Addressing the research in question: the GM approach and transgenic chickens

When applying genetic modification technology (GM) it is important to find out whether the modification and the ensuing trait is stable and durable and also whether it has direct or indirect negative side effects and consequences, none of which is known so far.

  • Gene Silencing - if and when gene silencing occurs, the GM trait is not reliable: Organisms have the ability to switch genes or gene sequences off. This is thought to be in part a defence mechanism against ‘intruders’ (e.g. viral sequences), an adaptation mechanism or at times a gene regulation mechanism. Such gene silencing has repeatedly been observed for example in GM plants and their GM traits/genes, especially when introduced sequences are doubled up or repeat already existing sequences (e.g. as in the promoter sequence in the case of the chickens). Whilst gene silencing is also being observed in GM animal systems, this is largely found in situations with genetically modifying somatic cells (body cells) rather then germ line (reproductive) cells.
    Another trigger for gene silencing can be stress, of which chickens will experience a great deal in intensive factory farming conditions. There is still insufficient knowledge about all the different mechanisms involved in gene silencing stimulated by environmental cues. Only long-term studies over many generations and under different conditions can offer any further clues and information on such concerns and risks.
  • Adaptive responses by viruses: Furthermore, viruses are amongst the most adaptive organisms on the planet, constantly out-manoeuvring and overcoming defence mechanisms. The fact that the current polymerase binding sequence is a highly conserved region (stable over a considerable period of evolutionary time) across all influenza A sub-types might be due to the fact that host organisms (e.g. chickens) have not yet found a way to counter it. Genetic engineering presents a new challenge to and pressure on viruses, and we should be ready for them to find ways – perhaps rather novel or unexpected ways - to circumvent our strategies in the not too long term.
  • Risks & negative and harmful side effects: The paper is not dealing with this issue at all. As an attempt to provide a proof of principle the authors do not touch any other concerns, such as risks to health (to either chicken or humans) or environment, biodiversity, livelihoods, food security. It is known though in general, that genetic engineering in itself as well as the addition of new genetic sequences and traits result in unintended and unexpected changes and consequences (for example see EcoNexus paper on Genome Scrambling).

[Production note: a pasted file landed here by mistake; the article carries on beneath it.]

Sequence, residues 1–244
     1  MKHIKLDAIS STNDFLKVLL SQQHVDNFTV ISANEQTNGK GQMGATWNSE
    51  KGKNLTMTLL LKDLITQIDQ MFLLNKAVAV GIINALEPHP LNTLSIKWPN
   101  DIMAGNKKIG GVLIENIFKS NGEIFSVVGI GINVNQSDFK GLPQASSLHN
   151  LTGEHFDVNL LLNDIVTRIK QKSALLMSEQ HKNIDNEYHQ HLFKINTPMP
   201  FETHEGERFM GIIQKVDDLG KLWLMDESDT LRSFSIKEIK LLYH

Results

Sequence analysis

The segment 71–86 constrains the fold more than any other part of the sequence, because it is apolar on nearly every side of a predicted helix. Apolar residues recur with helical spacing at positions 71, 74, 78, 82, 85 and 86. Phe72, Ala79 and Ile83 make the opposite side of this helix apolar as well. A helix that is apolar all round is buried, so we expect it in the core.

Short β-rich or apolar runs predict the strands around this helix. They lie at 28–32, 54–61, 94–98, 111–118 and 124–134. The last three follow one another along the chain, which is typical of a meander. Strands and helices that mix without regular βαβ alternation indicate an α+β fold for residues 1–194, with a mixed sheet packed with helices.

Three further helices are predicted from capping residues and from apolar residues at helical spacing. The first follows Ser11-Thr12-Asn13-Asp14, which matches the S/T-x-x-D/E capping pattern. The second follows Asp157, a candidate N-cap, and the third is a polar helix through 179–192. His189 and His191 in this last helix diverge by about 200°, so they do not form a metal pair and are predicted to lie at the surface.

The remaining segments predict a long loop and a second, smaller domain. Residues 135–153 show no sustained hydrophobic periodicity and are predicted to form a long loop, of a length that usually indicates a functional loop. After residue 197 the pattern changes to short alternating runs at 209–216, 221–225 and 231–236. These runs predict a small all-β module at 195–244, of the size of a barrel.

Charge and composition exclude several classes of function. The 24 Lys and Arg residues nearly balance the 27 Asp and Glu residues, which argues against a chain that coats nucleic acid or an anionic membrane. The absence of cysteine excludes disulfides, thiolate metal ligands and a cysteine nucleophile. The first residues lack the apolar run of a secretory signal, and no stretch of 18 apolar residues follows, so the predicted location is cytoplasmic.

• The muted virus – an uneasy risk. The virus produced by the GM chicken has to be regarded as a risk in itself. Though the virus produced by the GM chicken seems to be the same virus as before, yet, for unexplainable reasons, it no longer seems to be infective to chicken. It is not clear, what has changed, it is equally not clear, what this change might mean in terms of altered host range, altered pathogenicity, or latency. And if it is no threat yet, it may mutate into one over not too long a time period, given its adaptive potential.

Should this application of GE technology be intended for further development towards actual application to chickens, many long term studies would be required, including investigating whether the chickens might in turn have become more susceptible to other pathogens (including other viruses) and stresses, whether there are alterations in behaviour, nutritional value, growth parameters, etc.. Long term studies would also have to cover the effect on the virus, and the altered behaviour of the virus. In view of the fact that viruses have plainly adapted over time to infect new species, we have to be certain that genetic modification does not stimulate or force the virus to adapt so as to infect different species more readily, including humans.


The real causes for the emergence of highly pathogenic bird flu viruses such as H5N1 strains, and their spread are found in the current practices of factory farming and global trade in poultry. High chicken density for example is key contributor to the development of such highly pathogenic viruses, aided by other factors like untrained immune systems due to high biosecurity measures and genetic uniformity of poultry. A GM approach cannot offer a solution to these problems but might instead unintentionally add to them. In depth deliberations and rethinking are required.